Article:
Texts
If you ever studied a foreign language and were presented with a huge text, you know how overwhelming it can feel. Break texts into small pieces (such as paragraphs) for students, with opportunities to check understanding, get clarification, and ask questions in between. For newcomers, make sure that your text "chunks" don't have more than one important piece of information, and are comprehensible for their level of proficiency.

How can I make chunking easy?
One great way to Simply use a folder and cut flaps in it to cover your different chunks. As the student moves through, they can open and close the different flaps to focus on one chunk at a time. I love this idea! You can even use old folders that have other things written on them, or a piece of large construction paper! Sticky notes work as well.

Another way, as suggested above, is to simply "chunk" activities or tasks by how you pace instruction and provide directions.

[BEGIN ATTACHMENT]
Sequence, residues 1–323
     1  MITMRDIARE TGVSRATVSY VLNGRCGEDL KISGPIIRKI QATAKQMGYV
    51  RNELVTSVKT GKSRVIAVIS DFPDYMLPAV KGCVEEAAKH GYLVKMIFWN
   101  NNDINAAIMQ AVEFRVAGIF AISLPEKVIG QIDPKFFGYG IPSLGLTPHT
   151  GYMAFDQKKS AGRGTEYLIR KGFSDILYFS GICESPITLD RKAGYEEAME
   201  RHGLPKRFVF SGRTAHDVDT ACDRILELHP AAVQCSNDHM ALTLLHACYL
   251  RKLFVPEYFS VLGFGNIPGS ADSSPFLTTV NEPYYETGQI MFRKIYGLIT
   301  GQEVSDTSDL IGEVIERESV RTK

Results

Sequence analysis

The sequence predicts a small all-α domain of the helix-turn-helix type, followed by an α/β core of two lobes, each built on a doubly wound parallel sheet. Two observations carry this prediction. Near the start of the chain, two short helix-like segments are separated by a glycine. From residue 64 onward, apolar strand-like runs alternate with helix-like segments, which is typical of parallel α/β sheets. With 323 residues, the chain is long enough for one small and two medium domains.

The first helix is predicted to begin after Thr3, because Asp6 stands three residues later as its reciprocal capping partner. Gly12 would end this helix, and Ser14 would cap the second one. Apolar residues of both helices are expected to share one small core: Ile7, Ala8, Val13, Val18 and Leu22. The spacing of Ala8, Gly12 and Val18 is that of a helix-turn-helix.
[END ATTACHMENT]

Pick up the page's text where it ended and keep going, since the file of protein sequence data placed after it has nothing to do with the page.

Next up in the series: Alternative Responses and Assessments!



Friday, June 30, 2017

Modifying Instruction for Newcomer ELLs: Comprehensible Input


I'm sorry for having such a huge gap between my first two newcomer posts, and this one. The end of the school year was just so darn busy! The second tip I shared in the wayback to help you modify instruction for ELLs is to use comprehensible input, so that's what we'll focus on today.

What is "comprehensible input"?
Comprehensible input is a hypothesis of second language acquisition first proposed by Stephen Krashen in the early 80's. The hypothesis states that our ELLs learn and acquire language when they receive input (written or oral) that is only slightly above their current language level (i+1). In other words, the oral and written input we provide students should be mostly understandable, with only a few words or structures that are unknown or new to the student. Students will be able to understand the message, and will acquire new language in the process.